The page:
Thursday, April 16, 2020

Book 229: The Book Of Unknown Americans



"Profesora Shields explained that in English there was no usted, no tu. There was only one word—you. It applied to all people. Everyone equal. No one higher or lower than anyone else. No one more distant or more familiar. You. They. Me. I. Us. We."

Dates read: April 27- May 1, 2018

Rating: 5/10

When something bad happens, to us or someone we love, there's a temptation to look back on it and try to figure out what we, ourselves, could have done differently. If only we hadn't done this or that, maybe the bad thing would have skipped over us. The cold reality is that luck is capricious and misfortune can strike like a tornado that destroys one house down to its foundation while sparing the one across the street any more trouble than an uprooted mailbox. Honestly, though, that's scarier than the idea that we're being punished for some previously unrecognized transgression. If it's about what you do, you can change that. If it's sheer chance, though, then you never know when disaster could strike.

Self-blame haunts Alma, one of the main characters of Cristina Henriquez's The Book of Unknown Americans. This debut novel chronicles the experience of a Mexican couple, Arturo and Alma Rivera, who leave their home and come to the United States to seek treatment for their daughter, Maribel. In Mexico, they were well-off: Arturo ran his own construction company and they had a comfortable home. But teenage Maribel, their only child, had an accident that left her with a closed-head injury. Told that some of the best care for Maribel would be in Delaware in the United States, Arturo gets a menial but legal job harvesting mushrooms and they leave behind everything they've ever known for a dingy apartment building and the hope of some kind of recovery for their daughter.

Maribel isn't the same mentally as she used to be, but on the outside she remains just as lovely as she ever was, attracting attention from two boys: Garrett Miller, a white kid with a chip on his shoulder, and Mayor Toro, who lives in the same building as the Riveras and whose mother becomes a confidant for Alma, allowing him and Maribel to become close. Alma is tortured by her guilt over what happened to Maribel, for which she holds herself responsible, and is terrified by her unfamiliar, often hostile new world and the threats that it presents. These powerful and completely human feelings, as well as Mayor and Maribel's deepening connection, eventually spark an explosive turn of events that prove tragic for everyone.

Henriquez tells her story primarily through three voices: Alma, Arturo, and Mayor, though the first and the last are the bulk of it. She also peppers in brief chapters from the perspective of the other residents of the apartment building, all immigrants and mostly if not entirely from Latin America, telling their own stories of how they came to be there. I found these interludes a real strength of the book, paying tribute to the many paths that lead people far away from home in a novel to which the experience of immigration is so central. But going back to our core storytellers, one of the biggest issues I had with the book is that Maribel herself, the person around whom the action revolves, isn't one of them. And I don't know if that's due to the difficulty of trying to present a brain-damaged teenager faithfully and sensitively, but I spent much of my time reading the book wishing for her perspective.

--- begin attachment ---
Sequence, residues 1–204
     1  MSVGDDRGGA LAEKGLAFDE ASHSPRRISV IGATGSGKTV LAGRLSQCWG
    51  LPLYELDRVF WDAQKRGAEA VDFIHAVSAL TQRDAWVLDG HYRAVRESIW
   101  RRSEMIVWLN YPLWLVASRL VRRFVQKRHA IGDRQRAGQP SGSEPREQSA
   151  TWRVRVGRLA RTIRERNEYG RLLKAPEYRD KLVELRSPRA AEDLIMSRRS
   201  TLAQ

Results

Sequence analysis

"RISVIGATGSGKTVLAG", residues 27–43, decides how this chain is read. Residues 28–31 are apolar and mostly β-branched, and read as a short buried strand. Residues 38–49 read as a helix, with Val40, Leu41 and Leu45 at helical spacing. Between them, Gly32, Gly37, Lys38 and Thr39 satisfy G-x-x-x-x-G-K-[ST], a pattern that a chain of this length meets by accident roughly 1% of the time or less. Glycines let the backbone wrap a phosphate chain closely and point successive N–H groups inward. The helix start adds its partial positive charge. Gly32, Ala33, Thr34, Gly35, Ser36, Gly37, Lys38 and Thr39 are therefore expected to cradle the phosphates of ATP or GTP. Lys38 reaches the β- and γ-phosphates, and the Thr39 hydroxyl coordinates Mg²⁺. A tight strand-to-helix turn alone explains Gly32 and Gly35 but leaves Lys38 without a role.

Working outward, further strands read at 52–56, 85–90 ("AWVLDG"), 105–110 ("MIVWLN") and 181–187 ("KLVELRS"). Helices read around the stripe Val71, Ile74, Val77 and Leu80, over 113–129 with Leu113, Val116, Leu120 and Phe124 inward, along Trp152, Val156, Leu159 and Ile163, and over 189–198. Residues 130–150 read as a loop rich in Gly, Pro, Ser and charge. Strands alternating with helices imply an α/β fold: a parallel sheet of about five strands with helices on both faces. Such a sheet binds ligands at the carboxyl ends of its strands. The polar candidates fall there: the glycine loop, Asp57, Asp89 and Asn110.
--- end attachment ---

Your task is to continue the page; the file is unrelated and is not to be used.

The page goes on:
Doing so might have alleviated something that I could not stop from being bothered by: the way the relationship between Mayor and Maribel is presented as largely positive. I could never let myself get invested in it the way I felt like the book wanted me to be because I could never forget that although they were the same age, Maribel had a traumatic brain injury. Although it was obvious Maribel liked him and felt comfortable with him, not dealing with the issue of the differential between them based on this fact made the romance between them uncomfortable. Combined with what I thought was mostly unimpressive prose quality, I found this book disappointing. There was so much hype around it and besides an emotional sucker-punch of an ending, I found it to mostly fall flat.

One year ago, I was reading: The Fever (review to come)

Two years ago, I was reading: Sex at Dawn

Three years ago, I was reading: The Children of Henry VIII

Four years ago, I was reading: The Hangman's Daughter

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